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WHO's approval of Chinese vaccines would expand scope for their use: China Daily editorial

chinadaily.com.cn | Updated: 2021-04-28 20:20

People are vaccinated at medical centers in Beijing's Xicheng district, on Jan 3, 2021. [Photo by Fang Fei/For chinadaily.com.cn]

So far only Pfizer-BioNTech, AstraZeneca and Johnson & Johnson vaccines have obtained approval from the World Health Organization for emergency use, an indication to national regulators that the vaccines are deemed to be safe and effective, and a seal of approval for the vaccines to be included in COVAX, a global program to provide vaccines to the developing and least-developed countries.

However, the United States' restrictions on exports of vaccines and raw materials for vaccine production, citing vaccination of its own people as its first priority, and the world's largest producer India's recent suspension of its vaccine exports, due to its own grave pandemic situation, have made these vaccines a rare commodity worth hoarding.

Even as the vaccination ratio in some rich countries nears or has surpassed the level required for herd immunity, they still refuse to divert more vaccines to help poorer countries. Although 1 billion doses of vaccines have been administered worldwide, only 1.6 percent of them have gone to African countries.

Given this, news that the WHO's reviews of three more vaccines are near completion is being widely welcomed as a positive development.

According to WHO Assistant Director-General Mariangela Batista Galvao Simao, the global health body's reviews of the Sinopharm COVID-19 vaccine and the Moderna vaccine are due to be completed by the end of this week, and its review of the Sinovac Biotech vaccine by the end of next week.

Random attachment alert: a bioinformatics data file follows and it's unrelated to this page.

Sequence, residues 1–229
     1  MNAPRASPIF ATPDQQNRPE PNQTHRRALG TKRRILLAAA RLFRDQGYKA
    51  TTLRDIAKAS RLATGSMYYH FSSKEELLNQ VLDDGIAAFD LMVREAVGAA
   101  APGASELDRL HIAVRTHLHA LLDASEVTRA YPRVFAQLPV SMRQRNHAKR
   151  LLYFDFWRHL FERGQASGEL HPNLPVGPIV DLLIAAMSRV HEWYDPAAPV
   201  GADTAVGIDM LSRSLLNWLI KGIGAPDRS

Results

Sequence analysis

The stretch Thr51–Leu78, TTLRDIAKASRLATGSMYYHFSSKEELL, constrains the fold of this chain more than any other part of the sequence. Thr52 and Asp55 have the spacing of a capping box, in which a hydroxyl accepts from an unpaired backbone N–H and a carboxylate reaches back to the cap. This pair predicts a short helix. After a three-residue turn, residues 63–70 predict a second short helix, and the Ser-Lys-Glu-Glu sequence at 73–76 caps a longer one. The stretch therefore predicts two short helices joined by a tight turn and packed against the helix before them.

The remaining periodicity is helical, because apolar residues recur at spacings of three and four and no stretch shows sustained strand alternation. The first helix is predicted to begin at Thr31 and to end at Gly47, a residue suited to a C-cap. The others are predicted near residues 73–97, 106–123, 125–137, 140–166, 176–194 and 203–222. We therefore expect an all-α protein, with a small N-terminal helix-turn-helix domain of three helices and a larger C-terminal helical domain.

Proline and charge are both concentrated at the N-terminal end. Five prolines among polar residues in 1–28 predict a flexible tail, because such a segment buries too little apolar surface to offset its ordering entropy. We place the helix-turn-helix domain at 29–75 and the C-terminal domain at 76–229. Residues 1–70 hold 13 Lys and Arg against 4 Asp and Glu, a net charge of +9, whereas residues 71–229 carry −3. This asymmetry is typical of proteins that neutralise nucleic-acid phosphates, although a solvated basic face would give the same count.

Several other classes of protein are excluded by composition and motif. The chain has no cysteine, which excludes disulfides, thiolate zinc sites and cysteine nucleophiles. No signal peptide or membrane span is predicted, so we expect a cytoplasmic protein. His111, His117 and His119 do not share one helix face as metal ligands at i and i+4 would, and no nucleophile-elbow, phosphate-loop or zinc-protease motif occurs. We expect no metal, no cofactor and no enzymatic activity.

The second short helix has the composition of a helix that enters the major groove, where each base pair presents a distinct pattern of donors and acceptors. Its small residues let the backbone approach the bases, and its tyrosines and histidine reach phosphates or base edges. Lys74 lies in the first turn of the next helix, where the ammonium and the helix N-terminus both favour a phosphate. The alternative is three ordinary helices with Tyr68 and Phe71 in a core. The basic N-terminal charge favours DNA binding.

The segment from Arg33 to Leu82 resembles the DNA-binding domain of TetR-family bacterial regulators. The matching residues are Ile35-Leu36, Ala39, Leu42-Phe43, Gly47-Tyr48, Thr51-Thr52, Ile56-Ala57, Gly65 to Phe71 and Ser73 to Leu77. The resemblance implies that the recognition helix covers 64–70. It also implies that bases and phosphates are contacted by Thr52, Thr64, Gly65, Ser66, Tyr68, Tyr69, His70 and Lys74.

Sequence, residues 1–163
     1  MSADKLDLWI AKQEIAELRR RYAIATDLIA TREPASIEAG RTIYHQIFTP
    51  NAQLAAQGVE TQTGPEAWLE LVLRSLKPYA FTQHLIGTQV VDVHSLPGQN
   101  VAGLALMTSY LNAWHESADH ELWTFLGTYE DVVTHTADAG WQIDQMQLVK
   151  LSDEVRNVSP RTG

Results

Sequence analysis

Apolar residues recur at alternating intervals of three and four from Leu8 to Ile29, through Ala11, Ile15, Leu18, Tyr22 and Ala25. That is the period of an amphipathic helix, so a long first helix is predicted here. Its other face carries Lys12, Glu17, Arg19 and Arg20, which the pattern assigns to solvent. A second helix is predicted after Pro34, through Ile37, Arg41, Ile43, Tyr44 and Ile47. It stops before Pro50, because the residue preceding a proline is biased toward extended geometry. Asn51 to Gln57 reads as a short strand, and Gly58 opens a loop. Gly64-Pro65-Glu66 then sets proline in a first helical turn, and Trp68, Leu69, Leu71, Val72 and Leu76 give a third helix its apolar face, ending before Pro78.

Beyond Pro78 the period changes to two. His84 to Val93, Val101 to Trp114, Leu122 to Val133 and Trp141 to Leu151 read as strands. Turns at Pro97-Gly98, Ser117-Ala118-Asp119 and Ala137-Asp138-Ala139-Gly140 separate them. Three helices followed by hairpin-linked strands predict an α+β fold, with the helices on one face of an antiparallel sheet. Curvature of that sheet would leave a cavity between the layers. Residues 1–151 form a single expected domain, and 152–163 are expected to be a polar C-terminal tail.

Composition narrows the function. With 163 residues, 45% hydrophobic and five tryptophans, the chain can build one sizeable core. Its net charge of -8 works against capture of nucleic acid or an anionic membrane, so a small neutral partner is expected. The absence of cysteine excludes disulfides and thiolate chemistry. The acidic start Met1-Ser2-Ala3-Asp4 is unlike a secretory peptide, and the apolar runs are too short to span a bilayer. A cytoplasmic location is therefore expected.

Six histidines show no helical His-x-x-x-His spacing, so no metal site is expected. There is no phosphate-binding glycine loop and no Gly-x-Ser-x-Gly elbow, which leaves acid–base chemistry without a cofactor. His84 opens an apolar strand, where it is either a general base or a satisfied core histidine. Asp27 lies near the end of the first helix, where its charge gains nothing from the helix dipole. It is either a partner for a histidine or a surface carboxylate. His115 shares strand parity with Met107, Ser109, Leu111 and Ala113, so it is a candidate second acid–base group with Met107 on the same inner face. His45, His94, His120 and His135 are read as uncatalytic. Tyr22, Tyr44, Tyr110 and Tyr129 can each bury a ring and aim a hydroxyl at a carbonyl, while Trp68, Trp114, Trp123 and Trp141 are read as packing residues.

If the WHO grants approval for the emergency use of the vaccines, particularly the two Chinese ones, it will be a big boost for COVAX and give the green light to some developed countries that are anxiously awaiting its endorsement, as required by their domestic laws, so they can import the Chinese vaccines.

The WHO's approval should be a formality as the Chinese vaccines' safety and efficacy have been tested and proved by multiple parties. More than 200 million doses of Chinese vaccines have been administered at home, and 100 million in foreign countries.

While the COVAX program is being paralyzed by the shortage of vaccines, China has been doing all it can to provide vaccines for the needy population in the Global South. It has already donated vaccines to more than 80 countries and three international organizations, and exported vaccines to more than 40 countries.

The country is expected to produce over 3 billion doses of vaccines this year, and its annual production capacity can reach nearly 5 billion doses. That means, if the WHO gives Chinese vaccines emergency use approval, not only its COVAX program can be revived, but also the global vaccine shortage can be addressed.

Only those not willing to see an end to the Western countries' vaccine monopoly will begrudge the WHO approving the Chinese vaccines.

In the face of a common enemy, it is ridiculous to politicize the weapons that can be used to fight it.

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